The secondary structure of group II introns is characterized by six typical stem-loop structures, also called domains I to VI or DI to DVI. The domains radiate from a central core that brings the 5' and 3' splice junctions into close proximity. The proximal helix structures of the six domains are connected by a few nucleotides in the central region (linker or joiner sequences). Due to its enormous size, the domain I was divided further into subdomains a, b, c, and d. Sequence differences of group II introns that led to a further division into subgroups IIA, IIB and IIC were identified, along with varying distance of the bulged adenosine in domain VI (the prospective branch point forming the lariat) from the 3' splice site, and the inclusion or omission of structural elements such as a coordination loop in domain I, which is present in IIB and IIC introns but not IIA. Group II introns also form very complicated RNA Tertiary Structure.
Group II introns possess only a very few conserved nucleotides, and the nucleotides important for the catalytic function are spread over the complete intron structure. The few strictly conserved primary sequences are the consensus at the 5' and 3' splicing site (...↓GUGYG&... and ...AY↓..., with the Y representing a pyrimidine), some of the nucleotides of the central core (joiner sequences), a relatively high number of nucleotides of DV and some short-sequence stretches of DI. The unpaired adenosine in DVI (marked by an asterisk in the figure and located 7 or 8 nt away from the 3' splicing site) is also conserved and plays a central role in the splicing process. The 2' hydroxyl of the bulged adenosine attacks the 5' splice site, followed by nucleophilic attack on the 3' splice site by the 3' OH of the upstream exon. This results in a branched intron lariat connected by a 2' phosphodiester linkage at the DVI adenosine.
Protein machinery is required for splicing in vivo, and long-range intron-intron and intron-exon interactions are important for splice site positioning, as well as a number of tertiary contacts between motifs, including kissing-loop and tetraloop-receptor interactions. In 2005, A. De Lencastre et al. found that during splicing of Group II introns, all reactants are preorganized before the initiation of splicing. The branch site, both exons, the catalytically essential regions of DV and J2/3, and ε−ε' are in close proximity before the first step of splicing occurs. In addition to the bulge and AGC triad regions of DV, the J2/3 linker region, the ε−ε' nucleotides and the coordination loop in DI are crucial for the architecture and function of the active-site.
The first crystal structure of a group II intron was resolved in 2008 for the Oceanobacillus iheyensis group IIC catalytic intron, and was joined by the Pylaiella littoralis (P.li.LSUI2) group IIB intron in 2014. Attempts have been made to model the tertiary structure of other group II introns, such as the ai5γ group IIB intron, using a combination of programs for homology mapping onto known structures and de novo modeling of previously unresolved regions.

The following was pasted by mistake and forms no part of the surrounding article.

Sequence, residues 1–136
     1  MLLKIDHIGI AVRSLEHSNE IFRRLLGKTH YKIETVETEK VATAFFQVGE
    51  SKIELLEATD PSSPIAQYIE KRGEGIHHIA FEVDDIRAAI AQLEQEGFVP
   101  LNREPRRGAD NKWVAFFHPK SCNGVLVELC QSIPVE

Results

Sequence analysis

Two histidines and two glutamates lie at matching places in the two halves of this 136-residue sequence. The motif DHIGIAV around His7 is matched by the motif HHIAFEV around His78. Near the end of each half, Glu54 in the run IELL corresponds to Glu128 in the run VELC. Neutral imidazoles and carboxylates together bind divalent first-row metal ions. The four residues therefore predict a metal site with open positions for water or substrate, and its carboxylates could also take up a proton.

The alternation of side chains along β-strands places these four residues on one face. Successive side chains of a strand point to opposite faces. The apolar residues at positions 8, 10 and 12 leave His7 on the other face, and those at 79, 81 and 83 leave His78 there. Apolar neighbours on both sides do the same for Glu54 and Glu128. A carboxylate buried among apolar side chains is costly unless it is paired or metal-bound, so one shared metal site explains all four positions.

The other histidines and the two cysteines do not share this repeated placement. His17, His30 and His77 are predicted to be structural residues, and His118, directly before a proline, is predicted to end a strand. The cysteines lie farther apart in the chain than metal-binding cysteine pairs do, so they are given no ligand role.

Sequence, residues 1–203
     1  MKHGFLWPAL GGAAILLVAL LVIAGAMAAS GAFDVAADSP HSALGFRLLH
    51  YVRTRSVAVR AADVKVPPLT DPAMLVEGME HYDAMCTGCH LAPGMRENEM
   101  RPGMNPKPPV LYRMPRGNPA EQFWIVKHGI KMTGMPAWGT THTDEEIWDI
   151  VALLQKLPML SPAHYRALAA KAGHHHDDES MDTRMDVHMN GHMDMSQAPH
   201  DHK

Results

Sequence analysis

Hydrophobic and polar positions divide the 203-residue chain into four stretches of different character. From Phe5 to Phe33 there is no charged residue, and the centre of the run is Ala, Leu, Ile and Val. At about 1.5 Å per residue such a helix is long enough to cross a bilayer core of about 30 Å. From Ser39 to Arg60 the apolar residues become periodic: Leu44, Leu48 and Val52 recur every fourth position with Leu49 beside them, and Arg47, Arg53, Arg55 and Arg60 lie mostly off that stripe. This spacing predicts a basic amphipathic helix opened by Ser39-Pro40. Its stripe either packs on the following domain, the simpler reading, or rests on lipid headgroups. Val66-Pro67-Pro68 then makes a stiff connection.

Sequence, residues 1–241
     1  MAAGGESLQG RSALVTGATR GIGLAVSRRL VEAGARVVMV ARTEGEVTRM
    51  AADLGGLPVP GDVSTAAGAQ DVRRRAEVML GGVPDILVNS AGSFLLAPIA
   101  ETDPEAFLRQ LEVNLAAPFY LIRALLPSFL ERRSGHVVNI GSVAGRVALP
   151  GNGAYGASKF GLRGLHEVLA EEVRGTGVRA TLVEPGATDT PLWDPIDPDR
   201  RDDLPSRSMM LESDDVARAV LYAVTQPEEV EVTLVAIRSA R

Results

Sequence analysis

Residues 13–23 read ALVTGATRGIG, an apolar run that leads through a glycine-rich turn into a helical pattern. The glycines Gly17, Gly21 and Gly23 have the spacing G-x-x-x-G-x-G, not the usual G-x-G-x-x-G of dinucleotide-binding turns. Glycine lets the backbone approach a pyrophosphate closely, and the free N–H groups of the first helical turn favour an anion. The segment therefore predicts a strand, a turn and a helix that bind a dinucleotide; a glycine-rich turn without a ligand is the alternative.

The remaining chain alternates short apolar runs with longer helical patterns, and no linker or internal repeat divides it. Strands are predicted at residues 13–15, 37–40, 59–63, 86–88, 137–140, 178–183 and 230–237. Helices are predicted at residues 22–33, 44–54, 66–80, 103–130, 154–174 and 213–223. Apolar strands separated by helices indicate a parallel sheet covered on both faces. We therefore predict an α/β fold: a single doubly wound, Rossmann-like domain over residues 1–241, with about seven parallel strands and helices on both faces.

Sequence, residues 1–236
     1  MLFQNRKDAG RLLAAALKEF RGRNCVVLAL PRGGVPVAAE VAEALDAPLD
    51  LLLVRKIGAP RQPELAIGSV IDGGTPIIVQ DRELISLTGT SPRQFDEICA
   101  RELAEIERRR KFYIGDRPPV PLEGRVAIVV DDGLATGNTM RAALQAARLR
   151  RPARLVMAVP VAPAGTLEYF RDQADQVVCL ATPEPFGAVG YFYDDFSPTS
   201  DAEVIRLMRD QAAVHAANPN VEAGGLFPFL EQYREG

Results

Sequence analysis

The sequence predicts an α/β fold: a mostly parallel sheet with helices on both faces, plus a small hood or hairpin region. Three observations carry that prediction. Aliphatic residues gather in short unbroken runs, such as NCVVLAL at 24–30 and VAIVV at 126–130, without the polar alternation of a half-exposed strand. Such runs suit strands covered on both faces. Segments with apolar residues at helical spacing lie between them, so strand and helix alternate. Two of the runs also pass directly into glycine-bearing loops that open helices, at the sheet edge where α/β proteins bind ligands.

Distribution and phylogeny
Group II introns are found in rRNA, tRNA, and mRNA of organelles (chloroplasts and mitochondria) in fungi, plants, and protists, and also in mRNA in bacteria. The first intron to be identified as distinct from group I was the ai5γ group IIB intron, which was isolated in 1986 from a pre-mRNA transcript of the oxi 3 mitochondrial gene of Saccharomyces cerevisiae.
A subset of group II introns encode essential splicing proteins, known as intron-encoded proteins or IEPs, in intronic ORFs. The length of these introns can, as a result, be up to 3 kb. Splicing occurs in almost identical fashion to nuclear pre-mRNA splicing with two transesterification steps, with both also using magnesium ions to stabilize the leaving group in each step, which has led some to theorize a phylogenetic link between group II introns and the nuclear spliceosome. Further evidence for this link includes structural similarity between the U2/U6 junction of spliceosomal RNA and domain V of group II introns, which contains the catalytic AGC triad and much of the heart of the active site, as well as parity between conserved 5' and 3' end sequences.
- Lambowitz AM, Zimmerly S (August 2011). "Group II introns: mobile ribozymes that invade DNA". Cold Spring Harb Perspect Biol. 3 (8): a003616. doi:10.1101/cshperspect.a003616. PMC 3140690. PMID 20463000.
- Seetharaman, M; Eldho, NV; Padgett, RA; Dayie, KT (Feb 2006). "Structure of a self-splicing group II intron catalytic effector domain 5: parallels with spliceosomal U6 RNA". RNA. 12 (2): 235–47. doi:10.1261/rna.2237806. PMC 1370903. PMID 16428604.